Seven things we learned from MWC 2014 – part 2

Seven things we learned from MWC 2014 – part 2Slightly earlier than scheduled (long story; not that anyone would’ve noticed anyway), it’s the second instalment of Seven things we learned from MWC 2014.

Yesterday, in Seven things we learned from MWC 2014 – part 1, I scribbled about Samsung’s newfound modesty, Nokia’s abundant low-end ambitions, and HTC’s seemingly chilled attitude towards launching the One Two – a whole month after the Galaxy S5 and Sony Xperia Z2.

Today I gots four more things, so let’s crack on. If you need the toilet, go now.

Seven things we learned from MWC 2014 – part 24. Sony is ‘up there’

Not that there was much doubt prior to Mobile World Congress (MWC), but when it comes to high-end smartphone manufacturers, Sony is definitely ‘up there’.

We’ve come a long way in three years, with the severing of the Ericsson side of things seemingly working a treat.

While Sony traditionally trailed behind in terms of specs, notably being one of the last big names to fire out a dual-core smartphone, it’s now paving the way in some aspects.

Samsung clearly likes the idea of flagship water- and dust-resistance (as found on last year’s Sony Xperia Z and Z1), and the Xperia Z2 perhaps crucially has 3GB of RAM, compared to just 2GB on the Galaxy S5.

Seven things we learned from MWC 2014 – part 25. The Windows Phones are coming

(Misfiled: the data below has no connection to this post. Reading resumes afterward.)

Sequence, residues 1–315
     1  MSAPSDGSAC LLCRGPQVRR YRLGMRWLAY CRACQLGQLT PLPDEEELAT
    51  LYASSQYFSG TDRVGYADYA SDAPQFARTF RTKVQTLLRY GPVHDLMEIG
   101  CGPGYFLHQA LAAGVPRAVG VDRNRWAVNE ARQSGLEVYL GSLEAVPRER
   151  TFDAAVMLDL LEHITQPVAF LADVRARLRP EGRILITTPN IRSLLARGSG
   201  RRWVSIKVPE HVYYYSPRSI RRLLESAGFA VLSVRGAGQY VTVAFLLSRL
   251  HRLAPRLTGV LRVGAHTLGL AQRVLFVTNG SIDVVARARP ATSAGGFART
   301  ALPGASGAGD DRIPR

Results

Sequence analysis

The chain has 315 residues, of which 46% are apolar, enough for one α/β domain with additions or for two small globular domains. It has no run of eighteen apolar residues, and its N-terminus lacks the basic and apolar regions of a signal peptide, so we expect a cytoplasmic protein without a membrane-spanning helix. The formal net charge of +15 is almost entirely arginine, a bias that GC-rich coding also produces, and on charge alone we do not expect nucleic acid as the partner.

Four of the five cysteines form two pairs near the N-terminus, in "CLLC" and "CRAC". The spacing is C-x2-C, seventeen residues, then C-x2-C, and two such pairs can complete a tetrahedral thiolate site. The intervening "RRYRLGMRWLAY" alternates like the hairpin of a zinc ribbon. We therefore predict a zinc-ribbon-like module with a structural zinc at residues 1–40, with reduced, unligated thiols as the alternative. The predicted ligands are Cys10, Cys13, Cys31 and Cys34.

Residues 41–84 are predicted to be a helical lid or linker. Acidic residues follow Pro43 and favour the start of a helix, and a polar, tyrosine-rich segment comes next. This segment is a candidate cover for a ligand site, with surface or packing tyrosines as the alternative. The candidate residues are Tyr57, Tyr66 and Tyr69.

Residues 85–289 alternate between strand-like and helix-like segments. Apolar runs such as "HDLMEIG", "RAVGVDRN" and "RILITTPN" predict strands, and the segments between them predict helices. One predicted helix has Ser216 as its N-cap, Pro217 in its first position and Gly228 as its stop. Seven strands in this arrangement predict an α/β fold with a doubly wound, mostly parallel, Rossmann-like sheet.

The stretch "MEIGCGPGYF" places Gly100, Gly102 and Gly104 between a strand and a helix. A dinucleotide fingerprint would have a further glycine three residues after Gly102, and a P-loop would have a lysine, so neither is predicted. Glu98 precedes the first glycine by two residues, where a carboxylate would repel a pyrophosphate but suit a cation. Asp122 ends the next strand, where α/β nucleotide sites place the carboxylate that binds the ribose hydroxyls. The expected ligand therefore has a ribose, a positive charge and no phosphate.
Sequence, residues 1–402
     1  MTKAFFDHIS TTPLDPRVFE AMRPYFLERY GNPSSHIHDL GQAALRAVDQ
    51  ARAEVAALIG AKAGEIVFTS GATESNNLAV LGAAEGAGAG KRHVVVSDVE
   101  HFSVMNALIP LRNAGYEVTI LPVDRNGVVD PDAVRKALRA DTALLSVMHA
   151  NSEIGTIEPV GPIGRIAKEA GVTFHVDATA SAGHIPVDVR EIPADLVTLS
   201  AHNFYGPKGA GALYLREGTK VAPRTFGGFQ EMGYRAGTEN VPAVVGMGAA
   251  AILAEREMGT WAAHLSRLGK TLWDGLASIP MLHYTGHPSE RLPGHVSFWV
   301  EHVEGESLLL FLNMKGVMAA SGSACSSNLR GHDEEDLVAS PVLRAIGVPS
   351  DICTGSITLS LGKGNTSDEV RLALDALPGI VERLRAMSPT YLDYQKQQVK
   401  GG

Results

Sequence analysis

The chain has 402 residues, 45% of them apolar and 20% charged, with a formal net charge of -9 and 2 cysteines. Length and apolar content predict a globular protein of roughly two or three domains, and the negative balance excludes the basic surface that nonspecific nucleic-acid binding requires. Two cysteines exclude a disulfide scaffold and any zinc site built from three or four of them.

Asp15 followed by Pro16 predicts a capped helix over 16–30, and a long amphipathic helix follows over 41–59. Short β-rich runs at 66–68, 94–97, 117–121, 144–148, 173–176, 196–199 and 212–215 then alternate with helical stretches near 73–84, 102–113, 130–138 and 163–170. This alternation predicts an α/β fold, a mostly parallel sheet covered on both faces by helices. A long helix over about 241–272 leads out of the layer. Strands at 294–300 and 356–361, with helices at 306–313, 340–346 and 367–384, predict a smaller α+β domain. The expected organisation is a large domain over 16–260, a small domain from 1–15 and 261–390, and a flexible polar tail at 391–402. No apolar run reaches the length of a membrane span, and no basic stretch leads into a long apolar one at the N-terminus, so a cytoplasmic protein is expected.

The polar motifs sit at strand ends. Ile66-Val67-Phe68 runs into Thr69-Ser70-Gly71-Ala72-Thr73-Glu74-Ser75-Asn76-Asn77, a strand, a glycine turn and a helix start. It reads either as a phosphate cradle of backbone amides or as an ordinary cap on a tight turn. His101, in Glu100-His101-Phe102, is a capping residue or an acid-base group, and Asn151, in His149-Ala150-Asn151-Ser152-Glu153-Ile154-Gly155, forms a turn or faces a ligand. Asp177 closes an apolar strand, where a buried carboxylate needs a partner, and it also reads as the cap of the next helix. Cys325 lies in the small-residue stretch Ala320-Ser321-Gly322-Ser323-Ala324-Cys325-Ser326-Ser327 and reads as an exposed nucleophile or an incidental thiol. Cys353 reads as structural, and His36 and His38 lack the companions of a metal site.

This might sound like a strange one considering there were, uhm, zero Windows Phone devices launched at MWC 2014, but it’s the proverbial calm before the storm. Maybe.

Over in Barcelona, Microsoft announced no less than nine new hardware partners, namely Foxconn, Gionee, JSR, Karbonn, Lava (Xolo), Lenovo, LG, Longcheer and ZTE.

Of course, LG was one of the original Windows Phone 7 partners, churning out the Optimus 7 back in 2010 before three long years of inactivity, but let’s not dwell on that too much.

India’s Karbonn has already confirmed it hopes to get Windows Phones on shelves by June this year, and it supposedly likes the notion of dual-booting handsets with Windows Phone and Android.

Seven things we learned from MWC 2014 – part 26. Kazam is worth watching

You let were largely unmoved by the first wave of Kazam smartphones, with no less than 10 comments questioning their very existence. Kazam, if you’re wondering, being the UK-based startup comprised of former HTC execs.

Fast-forward to MWC, however, and Kazam wowed attendees (ok, slight exaggeration perhaps) with a pair of decent-sounding octo-core phones. Better still, if all goes to plan, they won’t break the bank.

The Kazam Tornado 2 5.5 in particular has a 5.5in HD display, octo-core Mediatek processor, 2GB of RAM, 16GB of expandable internal storage, 13MP/5MP cameras and a 2,500mAh battery – all for £200. Hopefully.

Seven things we learned from MWC 2014 – part 27. The industry is fitness crazy

Finally, as evidenced by the Samsung Galaxy S5 with its heart monitor, a trio of new Tizen-fuelled Samsung Gears including the Gear Fit, and the Huawei TalkBand B1 fitness tracker, the mobile industry is obsessed with fitness.

To be fair, it’s the obvious way to sell all this new wearable tech, as the only other benefit is, er, not having to take your phone out of your pocket. Are we that lazy? Yeah, probably.

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JanSt / MOD  Mar. 5, 2014 at 13:41

Not sure about Sony.

SpeedyG  Mar. 5, 2014 at 19:36

Not sure about Sony.

Their best contribution so far is making smartphones more waterproof/dust-proof in future.

JanSt / MOD  Mar. 5, 2014 at 19:48

Note: I'm not at all saying their phones all suck.
But I think the sustained success of all things Galaxy means reason needn't apply.


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